Morgan is a renowned film writer and playwright, not a trained historian, but he is an authoritative voice on modern British history. Morgan wrote The Deal (2003), a film which covers the 1994 Labour leadership election; The Queen (2006), an Oscar-winning drama about Princess Diana’s death; and The Audience (2013), a play about Elizabeth’s relationships with her prime ministers. Through these projects, he has compiled substantial knowledge about the royal family and postwar British politics. Morgan has never met Elizabeth, but she praised Helen Mirren’s performance in The Queen (we are awaiting Her Majesty’s verdict on The Crown, but it is unknown whether she and Philip subscribe to Netflix). While writing The Crown, Morgan and his team spent over two years conducting extensive research alongside professional historians. They studied news reels, newspaper clippings, documentaries, and biographies of the major characters. Morgan sought authenticity in the smallest of details, from the midcentury lexicon of the British elite to the medals that decorated their uniforms. The Crown magnificently captures the complexity of historical figures and the nuance of events—the casting and production value are superb—and only certain elements of the past are dramatized. For example, no written record exists of the weekly audiences between Elizabeth and Churchill. Morgan had to imagine the nature of these conversations based on their personalities and the historical context. But overall, The Crown is true to the historical record.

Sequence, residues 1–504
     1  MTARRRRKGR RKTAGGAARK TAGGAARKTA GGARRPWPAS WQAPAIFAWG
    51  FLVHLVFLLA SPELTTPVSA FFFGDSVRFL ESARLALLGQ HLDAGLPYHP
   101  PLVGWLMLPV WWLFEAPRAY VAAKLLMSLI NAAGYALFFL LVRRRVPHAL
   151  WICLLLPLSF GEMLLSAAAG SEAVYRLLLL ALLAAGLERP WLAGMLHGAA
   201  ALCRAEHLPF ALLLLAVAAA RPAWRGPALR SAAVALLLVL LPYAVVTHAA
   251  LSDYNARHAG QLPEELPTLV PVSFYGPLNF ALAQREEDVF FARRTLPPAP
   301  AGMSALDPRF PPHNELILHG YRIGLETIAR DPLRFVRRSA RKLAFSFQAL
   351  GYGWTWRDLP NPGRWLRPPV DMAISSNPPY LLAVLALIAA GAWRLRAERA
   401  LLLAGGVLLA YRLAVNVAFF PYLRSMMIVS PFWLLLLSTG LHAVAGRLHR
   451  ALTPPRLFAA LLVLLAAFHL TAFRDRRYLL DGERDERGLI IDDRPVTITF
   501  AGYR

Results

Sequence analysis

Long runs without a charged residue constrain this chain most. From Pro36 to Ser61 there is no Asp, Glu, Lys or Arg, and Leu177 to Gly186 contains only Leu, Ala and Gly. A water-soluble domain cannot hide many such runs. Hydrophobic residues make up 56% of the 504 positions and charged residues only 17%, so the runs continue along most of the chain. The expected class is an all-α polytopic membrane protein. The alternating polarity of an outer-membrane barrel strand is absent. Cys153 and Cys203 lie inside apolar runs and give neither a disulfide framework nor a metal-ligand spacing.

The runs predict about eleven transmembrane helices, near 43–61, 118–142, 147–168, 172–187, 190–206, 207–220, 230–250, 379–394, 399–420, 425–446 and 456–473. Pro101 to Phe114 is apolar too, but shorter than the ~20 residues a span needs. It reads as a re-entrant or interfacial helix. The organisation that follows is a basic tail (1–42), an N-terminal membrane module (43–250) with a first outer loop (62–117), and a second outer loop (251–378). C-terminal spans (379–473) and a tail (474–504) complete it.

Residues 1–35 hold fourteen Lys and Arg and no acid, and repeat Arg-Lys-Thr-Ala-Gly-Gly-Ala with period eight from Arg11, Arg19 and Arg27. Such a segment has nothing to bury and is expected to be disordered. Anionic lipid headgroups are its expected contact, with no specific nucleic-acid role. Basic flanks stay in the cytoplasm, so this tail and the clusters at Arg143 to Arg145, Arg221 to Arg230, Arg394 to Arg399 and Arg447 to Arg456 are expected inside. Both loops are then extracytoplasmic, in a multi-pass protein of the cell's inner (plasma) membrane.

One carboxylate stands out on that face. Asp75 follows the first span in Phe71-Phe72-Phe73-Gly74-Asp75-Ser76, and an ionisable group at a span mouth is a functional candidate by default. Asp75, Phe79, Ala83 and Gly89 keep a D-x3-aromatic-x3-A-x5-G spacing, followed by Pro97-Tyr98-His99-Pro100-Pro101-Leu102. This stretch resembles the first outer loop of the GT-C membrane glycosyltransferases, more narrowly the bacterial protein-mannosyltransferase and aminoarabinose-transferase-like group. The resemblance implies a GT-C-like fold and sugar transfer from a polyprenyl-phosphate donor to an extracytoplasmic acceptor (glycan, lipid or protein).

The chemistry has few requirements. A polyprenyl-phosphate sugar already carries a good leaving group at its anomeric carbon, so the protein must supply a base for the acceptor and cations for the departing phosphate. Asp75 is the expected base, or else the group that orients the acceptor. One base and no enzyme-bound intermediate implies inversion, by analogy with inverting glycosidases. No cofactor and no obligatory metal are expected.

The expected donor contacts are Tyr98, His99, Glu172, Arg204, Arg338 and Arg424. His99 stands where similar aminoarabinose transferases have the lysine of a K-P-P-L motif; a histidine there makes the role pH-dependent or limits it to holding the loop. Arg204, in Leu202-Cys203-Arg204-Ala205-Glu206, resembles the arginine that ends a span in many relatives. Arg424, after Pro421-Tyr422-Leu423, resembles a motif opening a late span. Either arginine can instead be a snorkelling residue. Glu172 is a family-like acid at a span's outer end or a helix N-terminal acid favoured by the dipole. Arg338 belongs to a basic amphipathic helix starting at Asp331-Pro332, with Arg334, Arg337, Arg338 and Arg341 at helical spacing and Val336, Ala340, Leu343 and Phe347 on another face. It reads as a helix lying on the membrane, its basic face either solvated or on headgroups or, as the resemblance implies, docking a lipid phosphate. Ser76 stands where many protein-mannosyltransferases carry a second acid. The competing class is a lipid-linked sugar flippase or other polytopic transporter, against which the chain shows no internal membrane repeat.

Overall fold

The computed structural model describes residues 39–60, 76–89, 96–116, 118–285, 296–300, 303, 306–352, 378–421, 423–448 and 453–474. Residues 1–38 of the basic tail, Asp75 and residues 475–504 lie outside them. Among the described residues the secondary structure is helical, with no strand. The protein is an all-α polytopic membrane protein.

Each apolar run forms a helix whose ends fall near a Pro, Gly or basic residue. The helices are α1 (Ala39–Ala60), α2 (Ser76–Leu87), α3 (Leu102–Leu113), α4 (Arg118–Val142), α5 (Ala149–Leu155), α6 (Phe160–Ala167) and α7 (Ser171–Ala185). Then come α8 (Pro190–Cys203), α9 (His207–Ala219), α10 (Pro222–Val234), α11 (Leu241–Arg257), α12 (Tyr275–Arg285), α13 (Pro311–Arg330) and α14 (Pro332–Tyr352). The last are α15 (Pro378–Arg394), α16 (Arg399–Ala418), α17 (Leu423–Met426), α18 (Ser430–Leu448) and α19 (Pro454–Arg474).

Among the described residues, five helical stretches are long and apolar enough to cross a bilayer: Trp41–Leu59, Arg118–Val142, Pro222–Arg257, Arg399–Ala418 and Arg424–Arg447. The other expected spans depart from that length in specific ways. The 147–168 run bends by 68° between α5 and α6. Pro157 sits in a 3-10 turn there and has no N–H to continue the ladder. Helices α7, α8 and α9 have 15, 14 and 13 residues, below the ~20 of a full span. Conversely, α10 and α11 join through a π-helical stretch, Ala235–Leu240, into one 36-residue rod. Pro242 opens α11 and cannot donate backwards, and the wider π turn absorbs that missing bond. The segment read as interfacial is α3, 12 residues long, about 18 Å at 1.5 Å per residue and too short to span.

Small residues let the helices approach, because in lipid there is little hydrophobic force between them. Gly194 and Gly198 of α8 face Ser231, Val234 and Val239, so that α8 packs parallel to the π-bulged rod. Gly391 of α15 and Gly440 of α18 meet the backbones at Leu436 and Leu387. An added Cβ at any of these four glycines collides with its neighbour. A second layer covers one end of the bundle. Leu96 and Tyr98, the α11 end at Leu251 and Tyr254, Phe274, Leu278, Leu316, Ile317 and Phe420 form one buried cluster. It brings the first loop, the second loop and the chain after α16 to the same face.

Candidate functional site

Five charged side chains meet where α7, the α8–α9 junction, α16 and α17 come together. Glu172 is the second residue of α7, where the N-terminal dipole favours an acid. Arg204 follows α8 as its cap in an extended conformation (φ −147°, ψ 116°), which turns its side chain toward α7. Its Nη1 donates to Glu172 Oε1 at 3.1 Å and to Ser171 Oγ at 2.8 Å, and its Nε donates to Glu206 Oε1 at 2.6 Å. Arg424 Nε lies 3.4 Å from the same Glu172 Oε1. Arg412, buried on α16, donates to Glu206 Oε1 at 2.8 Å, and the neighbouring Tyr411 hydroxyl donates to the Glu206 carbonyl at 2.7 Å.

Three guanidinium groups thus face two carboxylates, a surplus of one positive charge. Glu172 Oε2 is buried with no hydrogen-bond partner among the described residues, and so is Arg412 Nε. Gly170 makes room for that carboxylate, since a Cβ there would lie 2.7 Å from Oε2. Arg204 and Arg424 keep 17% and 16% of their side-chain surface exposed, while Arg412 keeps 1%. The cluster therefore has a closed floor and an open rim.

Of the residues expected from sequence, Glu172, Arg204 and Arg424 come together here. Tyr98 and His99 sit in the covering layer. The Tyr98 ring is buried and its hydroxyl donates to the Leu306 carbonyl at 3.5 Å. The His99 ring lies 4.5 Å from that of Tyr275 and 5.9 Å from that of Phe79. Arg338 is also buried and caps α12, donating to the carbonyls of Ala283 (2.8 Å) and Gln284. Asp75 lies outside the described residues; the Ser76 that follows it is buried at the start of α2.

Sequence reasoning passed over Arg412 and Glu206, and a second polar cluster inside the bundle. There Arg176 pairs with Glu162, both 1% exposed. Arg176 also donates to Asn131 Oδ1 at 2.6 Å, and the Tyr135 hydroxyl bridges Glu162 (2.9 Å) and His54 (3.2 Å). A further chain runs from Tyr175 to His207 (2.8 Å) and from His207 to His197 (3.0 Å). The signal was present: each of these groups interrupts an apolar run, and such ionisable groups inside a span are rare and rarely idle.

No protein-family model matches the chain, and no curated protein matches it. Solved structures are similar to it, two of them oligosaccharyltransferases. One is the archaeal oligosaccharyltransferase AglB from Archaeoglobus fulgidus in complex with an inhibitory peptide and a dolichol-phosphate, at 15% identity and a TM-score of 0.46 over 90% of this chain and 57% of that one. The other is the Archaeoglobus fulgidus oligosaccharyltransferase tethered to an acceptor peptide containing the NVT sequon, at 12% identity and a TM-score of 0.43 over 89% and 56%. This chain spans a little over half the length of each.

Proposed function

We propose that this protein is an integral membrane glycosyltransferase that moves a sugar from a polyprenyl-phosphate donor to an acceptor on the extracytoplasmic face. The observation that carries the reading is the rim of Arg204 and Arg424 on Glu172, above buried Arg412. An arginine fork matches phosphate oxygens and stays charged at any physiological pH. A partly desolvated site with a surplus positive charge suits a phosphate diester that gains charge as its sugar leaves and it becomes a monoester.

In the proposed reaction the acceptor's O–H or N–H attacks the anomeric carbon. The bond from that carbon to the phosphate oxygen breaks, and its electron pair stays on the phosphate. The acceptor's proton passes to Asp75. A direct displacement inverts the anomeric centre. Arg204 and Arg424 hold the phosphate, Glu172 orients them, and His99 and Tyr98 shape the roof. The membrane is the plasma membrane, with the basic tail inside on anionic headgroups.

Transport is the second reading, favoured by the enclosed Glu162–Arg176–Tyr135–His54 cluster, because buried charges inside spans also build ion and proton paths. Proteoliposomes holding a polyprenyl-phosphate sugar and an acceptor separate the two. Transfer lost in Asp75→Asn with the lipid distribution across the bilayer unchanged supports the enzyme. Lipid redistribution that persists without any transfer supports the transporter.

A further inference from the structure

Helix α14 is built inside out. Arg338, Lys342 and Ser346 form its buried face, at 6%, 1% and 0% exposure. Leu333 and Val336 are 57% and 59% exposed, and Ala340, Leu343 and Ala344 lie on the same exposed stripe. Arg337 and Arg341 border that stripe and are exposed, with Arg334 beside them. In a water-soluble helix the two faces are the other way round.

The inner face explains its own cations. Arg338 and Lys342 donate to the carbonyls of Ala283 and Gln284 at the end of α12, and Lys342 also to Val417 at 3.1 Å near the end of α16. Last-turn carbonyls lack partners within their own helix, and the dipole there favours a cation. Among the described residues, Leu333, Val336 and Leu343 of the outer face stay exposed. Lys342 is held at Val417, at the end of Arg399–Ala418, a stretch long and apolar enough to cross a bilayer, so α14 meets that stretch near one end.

Morgan’s masterful scriptwriting is reflected in his portrayal of the British Empire’s decline. Morgan weaves this theme into his royal drama in several ways. First, over the course of the series, the royals frequently travel across the Empire. The primary narrative purpose of these trips is to advance the drama of the Palace. Elizabeth and Philip are in Kenya when they learn that King George VI has unexpectedly died; Princess Margaret must endure time away from her lover, Group Captain Peter Townsend, while on official business in Rhodesia. However, Morgan makes a concerted effort to deconstruct imperial mythology during these scenes. Upon arriving in Kenya, Elizabeth delivers a speech in which she describes pre-colonial Nairobi as a “savage place.” Then, as a British general introduces Elizabeth and Philip to native leaders, and informs the royal couple that independence movements are sweeping the continent, Philip is exceptionally rude to one of the chiefs, mistaking his crown for a hat. While speaking in Rhodesia, Princess Margaret refers to the “primitive Africans” that surround the tiny settler community. She then leads the crowd in the royal courtesy, but as the white folks in the room chant “God Save the Queen,” the Africans in the room stand awkwardly silent. Overall, the royals are presented in a sympathetic light. But these instances of paternalism and racism, which are jarring for most modern viewers, are extraneous to the main plotline and only invite questions about the moral standing of the Empire. Thus, Morgan provides an honest portrayal of the Empire’s flaws: it was politically unstable and imbued with racism.